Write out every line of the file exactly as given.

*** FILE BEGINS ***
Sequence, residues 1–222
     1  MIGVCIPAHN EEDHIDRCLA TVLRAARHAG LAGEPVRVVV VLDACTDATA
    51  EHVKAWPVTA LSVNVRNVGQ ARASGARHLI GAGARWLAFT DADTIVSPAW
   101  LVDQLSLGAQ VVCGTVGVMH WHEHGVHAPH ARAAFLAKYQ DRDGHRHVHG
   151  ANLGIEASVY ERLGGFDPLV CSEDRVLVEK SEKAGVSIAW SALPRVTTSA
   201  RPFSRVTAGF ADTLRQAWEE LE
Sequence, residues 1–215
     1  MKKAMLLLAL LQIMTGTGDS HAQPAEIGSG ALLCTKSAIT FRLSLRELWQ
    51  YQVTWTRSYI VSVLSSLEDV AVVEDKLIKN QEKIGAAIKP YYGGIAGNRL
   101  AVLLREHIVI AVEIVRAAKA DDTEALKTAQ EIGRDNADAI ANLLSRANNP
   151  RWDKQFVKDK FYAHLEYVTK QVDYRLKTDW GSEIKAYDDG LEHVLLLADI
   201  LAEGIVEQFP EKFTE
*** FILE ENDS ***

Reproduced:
Sequence, residues 1–222
     1  MIGVCIPAHN EEDHIDRCLA TVLRAARHAG LAGEPVRVVV VLDACTDATA
    51  EHVKAWPVTA LSVNVRNVGQ ARASGARHLI GAGARWLAFT DADTIVSPAW
   101  LVDQLSLGAQ VVCGTVGVMH WHEHGVHAPH ARAAFLAKYQ DRDGHRHVHG
   151  ANLGIEASVY ERLGGFDPLV CSEDRVLVEK SEKAGVSIAW SALPRVTTSA
   201  RPFSRVTAGF ADTLRQAWEE LE
Sequence, residues 1–215
     1  MKKAMLLLAL LQIMTGTGDS HAQPAEIGSG ALLCTKSAIT FRLSLRELWQ
    51  YQVTWTRSYI VSVLSSLEDV AVVEDKLIKN QEKIGAAIKP YYGGIAGNRL
   101  AVLLREHIVI AVEIVRAAKA DDTEALKTAQ EIGRDNADAI ANLLSRANNP
   151  RWDKQFVKDK FYAHLEYVTK QVDYRLKTDW GSEIKAYDDG LEHVLLLADI
   201  LAEGIVEQFP EKFTE